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Thread: Dog Bite Related Fatalities and Breed Representation in Australia (not exhaustive)

  1. #11

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    I didn't mean genuine pitbull breeders and breed enthusiasts Beau, sorry about that. Rather I meant the 'breeders' who churn out pittie types and crosses to make a quick buck.

    I daresay there would be very few carefully bred pits that end up in homes where they become a problem.

  2. #12
    Join Date
    Dec 2011
    Location
    Hobart, Tasmania
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    36

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    Quote Originally Posted by reyzor View Post
    totally agree, but it boggles my mind when with car accident surveys there are surveys done on cars and drivers, yet with things like this the survey is only done on the car, in this case a dog.... and not the driver (owner)
    Hi reyzor,

    You might be interested in the fatality reports by National Canine Research Centre (they are anti-BSL, so I do wonder weather any of their information is slightly skewed against identifying Pit Bulls as the aggressor, but they do go into a lot of detail discussing other factors, like adequate care / supervision of children / prior history of aggression / gender and reproductive status.

    http://nationalcanineresearchcouncil...%20FINAL_1.pdf

    They have one for 2009 as well.
    "What other people say about you, is a reflection of their character, not yours."

  3. #13
    Join Date
    Dec 2011
    Location
    Hobart, Tasmania
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    36

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    Quote Originally Posted by aSoulfulDecorum View Post

    Australia has an estimated dog population of 3,400,000 and an average of 1.1 fatalities per year (33 over the last 30 years), equating to one death per 3,090,909 dogs.

    The United States has an estimated dog population of 77,000,000 and an average of 30.29 fatalities per year (212 over the last 7 years), equating to one death per 2,542,093 dogs.

    You are slightly more (22%) likely to be killed by a dog in the United States. Most risk analysis base their findings on deaths per human population, however I feel that dogs involved per dog population is a better marker (if you half the dog population, but the human population stays the same, you will still likely see a 50% drop in bites). Given that breed popularity of Pit Bull types (estimates around 5-10%) is similar between Australia and the United States, and the risk of fatalities is only slightly higher in the United States, if breed were really the problem, we should have seen between 14-22 of Australia's 33 fatalities being attributed to Pit Bull type dogs.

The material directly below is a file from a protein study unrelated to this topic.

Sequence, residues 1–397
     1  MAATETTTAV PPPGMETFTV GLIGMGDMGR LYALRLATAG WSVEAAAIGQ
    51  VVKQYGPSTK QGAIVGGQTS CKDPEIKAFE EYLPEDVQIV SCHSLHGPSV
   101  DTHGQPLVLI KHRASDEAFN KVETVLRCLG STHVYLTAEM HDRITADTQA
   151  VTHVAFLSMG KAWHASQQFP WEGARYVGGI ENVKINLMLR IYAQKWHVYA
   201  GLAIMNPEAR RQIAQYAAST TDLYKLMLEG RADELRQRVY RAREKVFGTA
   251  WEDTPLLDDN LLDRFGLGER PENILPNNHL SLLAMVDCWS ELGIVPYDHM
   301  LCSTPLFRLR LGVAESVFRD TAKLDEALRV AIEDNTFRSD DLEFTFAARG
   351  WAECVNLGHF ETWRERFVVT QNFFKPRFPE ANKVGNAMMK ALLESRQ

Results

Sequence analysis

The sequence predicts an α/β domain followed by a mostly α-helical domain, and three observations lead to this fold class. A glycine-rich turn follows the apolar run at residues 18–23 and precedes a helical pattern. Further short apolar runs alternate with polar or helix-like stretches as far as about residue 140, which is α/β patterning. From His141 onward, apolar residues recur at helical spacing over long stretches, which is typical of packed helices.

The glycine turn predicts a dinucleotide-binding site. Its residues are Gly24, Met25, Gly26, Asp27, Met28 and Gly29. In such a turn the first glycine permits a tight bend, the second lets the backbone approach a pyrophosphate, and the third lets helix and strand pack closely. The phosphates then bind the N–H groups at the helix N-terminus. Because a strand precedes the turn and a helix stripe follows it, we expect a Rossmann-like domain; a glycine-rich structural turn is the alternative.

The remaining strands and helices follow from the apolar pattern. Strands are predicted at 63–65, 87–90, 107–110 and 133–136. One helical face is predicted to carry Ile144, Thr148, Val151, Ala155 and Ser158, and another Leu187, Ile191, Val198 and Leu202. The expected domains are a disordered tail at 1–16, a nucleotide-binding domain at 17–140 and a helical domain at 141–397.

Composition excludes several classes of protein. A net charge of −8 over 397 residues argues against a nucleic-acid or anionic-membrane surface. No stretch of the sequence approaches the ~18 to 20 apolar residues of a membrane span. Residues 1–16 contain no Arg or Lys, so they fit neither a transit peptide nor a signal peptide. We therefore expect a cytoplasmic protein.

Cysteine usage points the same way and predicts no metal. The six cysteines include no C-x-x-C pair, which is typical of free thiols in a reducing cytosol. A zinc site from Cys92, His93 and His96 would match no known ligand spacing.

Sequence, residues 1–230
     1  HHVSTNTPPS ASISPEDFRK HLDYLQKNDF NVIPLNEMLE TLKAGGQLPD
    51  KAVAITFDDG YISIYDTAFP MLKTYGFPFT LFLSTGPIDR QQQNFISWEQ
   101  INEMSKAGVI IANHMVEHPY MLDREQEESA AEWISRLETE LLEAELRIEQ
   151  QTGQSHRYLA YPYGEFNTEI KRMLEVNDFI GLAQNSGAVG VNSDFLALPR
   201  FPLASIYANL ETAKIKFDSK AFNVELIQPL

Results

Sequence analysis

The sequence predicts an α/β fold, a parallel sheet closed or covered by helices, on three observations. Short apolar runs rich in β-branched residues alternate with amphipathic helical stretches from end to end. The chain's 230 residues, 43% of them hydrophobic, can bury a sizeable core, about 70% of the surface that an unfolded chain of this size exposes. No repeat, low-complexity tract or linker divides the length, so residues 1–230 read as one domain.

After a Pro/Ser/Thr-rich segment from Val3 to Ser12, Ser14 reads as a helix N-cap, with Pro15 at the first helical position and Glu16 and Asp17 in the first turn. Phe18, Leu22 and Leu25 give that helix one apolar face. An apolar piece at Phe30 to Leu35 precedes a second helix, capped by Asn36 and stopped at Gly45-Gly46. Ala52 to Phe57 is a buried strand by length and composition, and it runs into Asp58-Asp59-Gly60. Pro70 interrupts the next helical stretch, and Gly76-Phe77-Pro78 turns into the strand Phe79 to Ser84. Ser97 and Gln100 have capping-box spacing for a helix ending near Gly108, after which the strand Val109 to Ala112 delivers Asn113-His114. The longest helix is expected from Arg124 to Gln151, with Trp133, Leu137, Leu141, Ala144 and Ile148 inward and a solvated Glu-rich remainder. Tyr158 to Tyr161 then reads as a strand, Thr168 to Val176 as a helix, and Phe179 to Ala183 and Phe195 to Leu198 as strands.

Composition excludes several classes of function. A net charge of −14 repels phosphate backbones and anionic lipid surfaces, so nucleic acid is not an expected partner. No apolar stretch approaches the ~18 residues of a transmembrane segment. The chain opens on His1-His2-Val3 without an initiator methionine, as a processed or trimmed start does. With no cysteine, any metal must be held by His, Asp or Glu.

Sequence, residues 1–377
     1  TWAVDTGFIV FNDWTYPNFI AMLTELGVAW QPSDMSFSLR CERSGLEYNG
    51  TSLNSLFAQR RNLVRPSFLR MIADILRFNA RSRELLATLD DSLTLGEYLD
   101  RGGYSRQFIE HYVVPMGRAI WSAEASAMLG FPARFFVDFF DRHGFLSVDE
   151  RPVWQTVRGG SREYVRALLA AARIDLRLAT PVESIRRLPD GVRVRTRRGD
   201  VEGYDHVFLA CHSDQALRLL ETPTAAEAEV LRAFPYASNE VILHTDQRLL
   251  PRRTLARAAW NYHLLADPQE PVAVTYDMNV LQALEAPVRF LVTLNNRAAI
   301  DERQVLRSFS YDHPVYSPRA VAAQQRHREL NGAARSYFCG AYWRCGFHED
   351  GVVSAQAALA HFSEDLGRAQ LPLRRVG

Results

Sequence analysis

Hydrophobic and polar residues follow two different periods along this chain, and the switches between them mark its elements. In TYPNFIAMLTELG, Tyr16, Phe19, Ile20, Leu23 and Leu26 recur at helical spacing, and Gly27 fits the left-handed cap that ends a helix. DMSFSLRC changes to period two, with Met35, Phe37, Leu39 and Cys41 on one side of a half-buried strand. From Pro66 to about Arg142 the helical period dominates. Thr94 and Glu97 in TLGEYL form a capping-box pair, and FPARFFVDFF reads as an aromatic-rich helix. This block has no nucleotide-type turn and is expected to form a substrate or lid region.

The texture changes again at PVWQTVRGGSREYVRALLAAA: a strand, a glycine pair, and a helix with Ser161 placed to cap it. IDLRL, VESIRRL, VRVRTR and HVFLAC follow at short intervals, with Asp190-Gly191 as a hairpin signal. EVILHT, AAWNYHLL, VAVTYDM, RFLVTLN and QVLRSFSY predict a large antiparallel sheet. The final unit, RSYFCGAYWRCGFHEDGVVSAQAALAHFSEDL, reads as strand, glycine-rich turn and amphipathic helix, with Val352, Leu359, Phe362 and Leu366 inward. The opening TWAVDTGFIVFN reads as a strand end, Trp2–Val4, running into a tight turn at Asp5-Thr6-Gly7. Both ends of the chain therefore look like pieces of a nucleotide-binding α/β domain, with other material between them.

Having had a more thorough look at dog bite related fatalities in Australia (having now found 26 of the 33 mentioned above, along with dates) I've identified 15 of those having happened in the last 12 years (between 2000 and 2011) giving an average of 1.25 deaths a year (not 1.1 as previously stated) equating to 1 fatality per 2,720,000 dogs.

    You are now only 7% more likely to be killed by a dog in the United States. So fatalities per dog population is almost on par.

    There were 8 between 91 and 99, and 1 in the 80's and 2 in the 70's (at least, because I am still missing 7 fatalities). I'm going to research each fatality a little more closely and then post the results (inc. history of aggression, dog at large, etc.).
    "What other people say about you, is a reflection of their character, not yours."

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